Nutritional Benefits

This sprawling, leafy plant has been used in Asian folk medicine for centuries. There are numerous health benefits attributed to Gynura procumbens, but the most profound ones are its ability to lower blood pressure and its ability to lower blood sugar levels for diabetics. Longevity spinach’s anti-hypertensive properties may revolve around its capacity to increase nitric oxide, a vasodilator, in blood vessels. Scientific research has shown that both type 2 and type 1 diabetics benefit from the plant’s ability to reduce blood glucose levels. This plant, also, has an anti-hyperlipidemic effect which lowers cholesterol and triglycerides as it protects the body from heart and liver disease. Bioactive steroids and alkaloids in Gynua procumbens have shown promise as anti-inflammatory agents in scientific studies. Other medical research has indicated that this plant may enhance the body’s healing capabilities. Also, it may have anti-fungal, anti-cancer, and anti-viral properties, as well as, being able to scavenge free radicals.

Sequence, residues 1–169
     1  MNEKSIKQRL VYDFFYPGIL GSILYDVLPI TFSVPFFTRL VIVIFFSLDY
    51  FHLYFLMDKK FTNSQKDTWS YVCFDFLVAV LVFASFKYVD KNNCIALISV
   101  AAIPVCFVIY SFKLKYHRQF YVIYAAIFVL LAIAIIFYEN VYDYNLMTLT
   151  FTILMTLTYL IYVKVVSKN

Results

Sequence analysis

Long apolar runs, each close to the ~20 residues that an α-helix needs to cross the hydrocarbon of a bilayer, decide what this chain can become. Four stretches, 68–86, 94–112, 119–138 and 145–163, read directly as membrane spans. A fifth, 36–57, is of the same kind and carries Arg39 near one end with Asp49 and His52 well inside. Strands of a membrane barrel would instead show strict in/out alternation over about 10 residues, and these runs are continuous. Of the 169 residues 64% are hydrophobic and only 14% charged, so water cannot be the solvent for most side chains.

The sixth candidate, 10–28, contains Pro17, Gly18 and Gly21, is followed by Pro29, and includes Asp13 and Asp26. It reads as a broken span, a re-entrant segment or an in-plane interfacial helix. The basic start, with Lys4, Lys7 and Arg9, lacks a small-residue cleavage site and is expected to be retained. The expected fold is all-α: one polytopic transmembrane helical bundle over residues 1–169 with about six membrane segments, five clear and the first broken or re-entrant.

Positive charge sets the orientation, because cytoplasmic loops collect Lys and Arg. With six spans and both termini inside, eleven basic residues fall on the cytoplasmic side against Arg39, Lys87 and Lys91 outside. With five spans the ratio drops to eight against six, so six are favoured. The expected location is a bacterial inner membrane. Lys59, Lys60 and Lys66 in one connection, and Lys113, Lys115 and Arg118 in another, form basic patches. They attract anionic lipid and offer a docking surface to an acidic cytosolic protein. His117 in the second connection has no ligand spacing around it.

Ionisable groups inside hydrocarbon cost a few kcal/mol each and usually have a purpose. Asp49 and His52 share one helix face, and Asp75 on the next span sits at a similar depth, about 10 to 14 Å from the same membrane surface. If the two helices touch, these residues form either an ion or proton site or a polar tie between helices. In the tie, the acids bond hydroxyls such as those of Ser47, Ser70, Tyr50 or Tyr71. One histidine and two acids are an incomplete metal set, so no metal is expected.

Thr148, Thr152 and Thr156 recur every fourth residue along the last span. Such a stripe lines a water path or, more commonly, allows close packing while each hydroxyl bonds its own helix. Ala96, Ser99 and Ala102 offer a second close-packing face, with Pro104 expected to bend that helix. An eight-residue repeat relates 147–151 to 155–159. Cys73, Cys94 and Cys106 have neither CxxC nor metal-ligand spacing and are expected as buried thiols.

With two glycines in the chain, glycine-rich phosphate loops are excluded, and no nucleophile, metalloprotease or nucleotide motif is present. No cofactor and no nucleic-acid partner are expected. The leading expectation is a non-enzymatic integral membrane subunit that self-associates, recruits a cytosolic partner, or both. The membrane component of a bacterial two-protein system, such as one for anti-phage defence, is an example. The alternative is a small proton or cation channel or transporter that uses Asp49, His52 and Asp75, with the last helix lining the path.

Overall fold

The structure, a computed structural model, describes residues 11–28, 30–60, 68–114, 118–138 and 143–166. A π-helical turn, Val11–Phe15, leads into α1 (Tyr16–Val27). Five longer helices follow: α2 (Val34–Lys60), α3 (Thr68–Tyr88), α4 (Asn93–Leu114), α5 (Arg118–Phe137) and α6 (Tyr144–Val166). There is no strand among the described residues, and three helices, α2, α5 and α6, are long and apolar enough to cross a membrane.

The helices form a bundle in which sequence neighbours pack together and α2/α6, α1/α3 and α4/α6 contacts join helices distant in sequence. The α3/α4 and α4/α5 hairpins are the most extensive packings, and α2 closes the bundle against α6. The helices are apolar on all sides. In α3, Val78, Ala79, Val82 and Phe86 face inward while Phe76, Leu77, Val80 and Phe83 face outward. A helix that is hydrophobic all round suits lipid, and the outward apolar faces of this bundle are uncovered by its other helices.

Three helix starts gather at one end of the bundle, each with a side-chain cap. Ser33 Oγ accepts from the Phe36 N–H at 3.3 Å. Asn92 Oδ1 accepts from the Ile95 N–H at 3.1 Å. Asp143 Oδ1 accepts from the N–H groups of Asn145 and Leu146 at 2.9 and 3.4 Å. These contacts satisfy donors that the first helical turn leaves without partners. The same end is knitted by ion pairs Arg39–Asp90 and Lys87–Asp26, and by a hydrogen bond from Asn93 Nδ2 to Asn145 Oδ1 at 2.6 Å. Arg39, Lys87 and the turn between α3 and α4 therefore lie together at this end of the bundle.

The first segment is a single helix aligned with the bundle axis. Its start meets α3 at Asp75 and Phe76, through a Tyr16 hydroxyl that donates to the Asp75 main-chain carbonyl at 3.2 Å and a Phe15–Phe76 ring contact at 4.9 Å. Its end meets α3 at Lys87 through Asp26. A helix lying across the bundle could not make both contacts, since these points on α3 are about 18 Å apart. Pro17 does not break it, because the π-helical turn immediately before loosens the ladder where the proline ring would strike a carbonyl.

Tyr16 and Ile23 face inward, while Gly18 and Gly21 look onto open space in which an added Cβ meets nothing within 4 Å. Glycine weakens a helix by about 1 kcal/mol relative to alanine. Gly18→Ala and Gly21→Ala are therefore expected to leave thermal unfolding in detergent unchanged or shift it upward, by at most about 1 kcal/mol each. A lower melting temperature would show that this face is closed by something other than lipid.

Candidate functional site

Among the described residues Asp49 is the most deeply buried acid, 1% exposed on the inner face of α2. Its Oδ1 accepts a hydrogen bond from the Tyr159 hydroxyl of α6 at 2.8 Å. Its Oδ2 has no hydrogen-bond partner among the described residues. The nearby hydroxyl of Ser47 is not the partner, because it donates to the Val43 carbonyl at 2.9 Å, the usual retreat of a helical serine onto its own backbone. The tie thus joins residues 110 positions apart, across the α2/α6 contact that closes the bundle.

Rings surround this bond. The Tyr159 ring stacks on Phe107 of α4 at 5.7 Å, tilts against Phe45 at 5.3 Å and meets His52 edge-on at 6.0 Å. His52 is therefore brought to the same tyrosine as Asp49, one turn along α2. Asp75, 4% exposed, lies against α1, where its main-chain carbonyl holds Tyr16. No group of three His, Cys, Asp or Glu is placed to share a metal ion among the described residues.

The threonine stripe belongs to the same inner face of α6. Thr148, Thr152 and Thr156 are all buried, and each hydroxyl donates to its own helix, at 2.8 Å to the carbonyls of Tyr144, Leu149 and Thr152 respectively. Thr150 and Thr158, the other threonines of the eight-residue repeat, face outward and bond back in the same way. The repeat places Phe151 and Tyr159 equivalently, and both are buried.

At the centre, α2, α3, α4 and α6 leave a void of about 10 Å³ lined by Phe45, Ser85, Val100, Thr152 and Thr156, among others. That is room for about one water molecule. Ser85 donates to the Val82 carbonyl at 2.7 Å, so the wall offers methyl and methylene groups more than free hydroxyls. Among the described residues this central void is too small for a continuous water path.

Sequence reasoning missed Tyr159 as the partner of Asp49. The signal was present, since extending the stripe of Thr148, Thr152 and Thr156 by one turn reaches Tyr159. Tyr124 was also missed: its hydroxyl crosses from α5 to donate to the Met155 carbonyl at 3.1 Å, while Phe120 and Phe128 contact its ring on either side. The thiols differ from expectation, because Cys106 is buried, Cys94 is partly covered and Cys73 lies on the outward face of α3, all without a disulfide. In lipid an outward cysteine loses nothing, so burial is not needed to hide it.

Recommended Varieties

There is a purple-stemmed unnamed cultivar of Gynura procumbens in addition to the common green variety. Okinawa spinach (Gynura crepiodes) and purple passion vine (Gynura auranbaca) the house plant are both in the same genus with longevity spinach.


I can personally attest for this plant’s ability to adjust ones blood pressure. I had slightly elevated blood pressure until I started eating 3 raw leaves per day. Now, after several months, my blood pressure is nearly text book for my age and the lowest among any of my co-workers. I don’t have personal experience with the plant assisting leveling off blood sugar, but medical research points in that direction.

References & External Links

  • “ASHITABA vs Gynura Procumbens”.
  • “Longevity Spinach Cuttings – Gynura Procumbens.”
  • “Gynura – for Diabetes, Hypertension, High-cholesterol, Rheumatism, Viral Ailments, and Other Illness.”
  • “Gynura Procumbens.”